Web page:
Once the role of the “free entry and exit” assumption so characteristic of orthodox labor economics is understood, it becomes apparent that it is anything but an innocent “simplifying assumption.” Rather it is a substantive assumption, in the sense that much of what passes for “knowledge” about the operation, efficiency, and fairness of contemporary labor markets is based upon it. Without full employment, relative bargaining power becomes a crucial determinant of the market process. It follows that policies derived from an ill-considered presumption of full employment must be rethought and even reconsidered if the facts do not support that assumption. At the most abstract level there is a simple and direct lesson in all of the above. In an economy without full employment it is relative bargaining power, not “skills” or “productivity,” that determines the wage structure. Moreover, supply and demand models that implicitly assume full employment necessarily obscure this fundamental reality and for that reason can lead us to erroneous conclusions and flawed policies.
Classical and neo-classical economics, as dominant today, has used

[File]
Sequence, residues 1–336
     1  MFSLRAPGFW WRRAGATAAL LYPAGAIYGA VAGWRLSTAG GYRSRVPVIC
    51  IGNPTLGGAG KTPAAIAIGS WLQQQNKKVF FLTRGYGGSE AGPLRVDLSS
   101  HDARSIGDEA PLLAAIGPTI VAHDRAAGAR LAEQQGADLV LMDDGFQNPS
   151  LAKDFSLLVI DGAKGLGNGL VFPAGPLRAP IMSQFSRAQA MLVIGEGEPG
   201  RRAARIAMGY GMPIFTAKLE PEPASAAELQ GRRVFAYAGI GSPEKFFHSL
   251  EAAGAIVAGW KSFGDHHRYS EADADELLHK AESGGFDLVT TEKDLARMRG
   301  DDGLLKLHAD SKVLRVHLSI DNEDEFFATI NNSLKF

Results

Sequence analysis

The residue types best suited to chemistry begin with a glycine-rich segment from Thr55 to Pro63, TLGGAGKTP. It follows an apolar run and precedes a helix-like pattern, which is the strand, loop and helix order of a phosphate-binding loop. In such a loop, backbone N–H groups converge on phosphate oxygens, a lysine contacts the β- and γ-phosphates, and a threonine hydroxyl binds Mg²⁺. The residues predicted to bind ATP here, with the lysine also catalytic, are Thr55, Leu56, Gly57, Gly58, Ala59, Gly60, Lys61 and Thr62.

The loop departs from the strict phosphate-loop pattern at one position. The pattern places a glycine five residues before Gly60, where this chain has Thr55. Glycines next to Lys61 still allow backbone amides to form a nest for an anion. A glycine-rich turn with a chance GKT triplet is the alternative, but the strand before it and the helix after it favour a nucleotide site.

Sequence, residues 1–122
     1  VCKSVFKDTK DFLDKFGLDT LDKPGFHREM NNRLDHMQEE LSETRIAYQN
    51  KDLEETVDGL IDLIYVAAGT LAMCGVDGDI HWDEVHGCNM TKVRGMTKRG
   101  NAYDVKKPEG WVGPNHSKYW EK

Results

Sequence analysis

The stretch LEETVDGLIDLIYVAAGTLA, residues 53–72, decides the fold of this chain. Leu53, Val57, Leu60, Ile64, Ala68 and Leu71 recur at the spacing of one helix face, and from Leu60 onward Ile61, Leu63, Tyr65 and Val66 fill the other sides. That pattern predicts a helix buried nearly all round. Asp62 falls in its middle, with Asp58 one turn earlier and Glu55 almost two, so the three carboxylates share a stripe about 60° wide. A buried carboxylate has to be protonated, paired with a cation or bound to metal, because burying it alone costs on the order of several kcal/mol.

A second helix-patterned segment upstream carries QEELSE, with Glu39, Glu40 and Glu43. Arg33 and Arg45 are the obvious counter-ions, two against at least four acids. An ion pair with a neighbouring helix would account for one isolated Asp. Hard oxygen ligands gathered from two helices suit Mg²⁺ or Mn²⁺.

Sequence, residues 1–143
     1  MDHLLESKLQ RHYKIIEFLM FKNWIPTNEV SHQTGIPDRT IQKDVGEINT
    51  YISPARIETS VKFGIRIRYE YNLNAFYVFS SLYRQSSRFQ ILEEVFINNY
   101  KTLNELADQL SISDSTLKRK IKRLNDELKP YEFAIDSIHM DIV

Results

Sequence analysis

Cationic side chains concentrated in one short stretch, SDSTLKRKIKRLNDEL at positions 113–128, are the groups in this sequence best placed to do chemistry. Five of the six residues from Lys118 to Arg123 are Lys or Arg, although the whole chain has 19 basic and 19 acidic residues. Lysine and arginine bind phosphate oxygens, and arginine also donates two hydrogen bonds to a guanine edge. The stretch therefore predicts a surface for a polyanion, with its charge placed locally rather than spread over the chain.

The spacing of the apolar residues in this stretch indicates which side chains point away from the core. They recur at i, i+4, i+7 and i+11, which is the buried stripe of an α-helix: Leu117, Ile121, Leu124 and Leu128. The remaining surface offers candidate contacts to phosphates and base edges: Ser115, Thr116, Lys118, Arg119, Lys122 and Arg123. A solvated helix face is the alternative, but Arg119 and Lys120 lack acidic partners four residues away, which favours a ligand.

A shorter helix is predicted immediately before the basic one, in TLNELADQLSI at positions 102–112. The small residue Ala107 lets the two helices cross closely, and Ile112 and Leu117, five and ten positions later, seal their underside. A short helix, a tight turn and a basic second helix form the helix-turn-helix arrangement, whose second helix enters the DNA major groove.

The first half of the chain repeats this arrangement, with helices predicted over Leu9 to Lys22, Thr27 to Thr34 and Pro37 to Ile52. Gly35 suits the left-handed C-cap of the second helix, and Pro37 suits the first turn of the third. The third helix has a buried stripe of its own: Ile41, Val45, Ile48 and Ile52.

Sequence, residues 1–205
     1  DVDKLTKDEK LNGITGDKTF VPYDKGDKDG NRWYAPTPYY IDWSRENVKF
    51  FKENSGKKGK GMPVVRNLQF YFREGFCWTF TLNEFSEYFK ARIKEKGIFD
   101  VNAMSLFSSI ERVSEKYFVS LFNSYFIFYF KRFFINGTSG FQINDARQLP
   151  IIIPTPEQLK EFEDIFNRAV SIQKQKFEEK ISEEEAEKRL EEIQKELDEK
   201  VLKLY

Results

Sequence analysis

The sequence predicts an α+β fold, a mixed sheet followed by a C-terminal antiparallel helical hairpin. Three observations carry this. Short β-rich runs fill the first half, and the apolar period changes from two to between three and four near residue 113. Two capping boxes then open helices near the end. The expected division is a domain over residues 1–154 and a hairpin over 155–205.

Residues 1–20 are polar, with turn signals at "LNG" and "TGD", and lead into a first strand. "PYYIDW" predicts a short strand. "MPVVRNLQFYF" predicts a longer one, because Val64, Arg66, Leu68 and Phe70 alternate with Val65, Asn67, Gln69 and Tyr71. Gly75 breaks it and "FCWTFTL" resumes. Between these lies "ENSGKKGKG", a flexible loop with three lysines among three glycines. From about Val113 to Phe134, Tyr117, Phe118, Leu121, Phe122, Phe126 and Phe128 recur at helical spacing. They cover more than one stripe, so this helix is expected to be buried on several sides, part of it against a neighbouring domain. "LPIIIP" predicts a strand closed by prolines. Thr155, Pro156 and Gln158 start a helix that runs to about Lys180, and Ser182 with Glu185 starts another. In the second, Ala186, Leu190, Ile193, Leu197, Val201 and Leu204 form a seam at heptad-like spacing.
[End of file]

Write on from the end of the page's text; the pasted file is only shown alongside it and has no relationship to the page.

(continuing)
the deductive methodology: Untested axioms and unrealistic assumptions
are the basis for the formulation of theoretical dream worlds that
are used to present particular ‘results’. As discussed in Werner (2005),
this methodology is particularly suited to deriving and justifying
preconceived ideas and conclusions, through a process ofworking backwards
fromthe desired ‘conclusions’, to establish the kind ofmodel that
can deliver them, and then formulating the kind of framework that
could justify this model by choosing suitable assumptions and ‘axioms’.
In other words, the deductive methodology is uniquely suited for manipulation
by being based on axioms and assumptions that can be picked
at will in order to obtain pre-determined desired outcomes and
justify favoured policy recommendations. It can be said that the deductive
methodology is useful for producing arguments thatmay give a scientific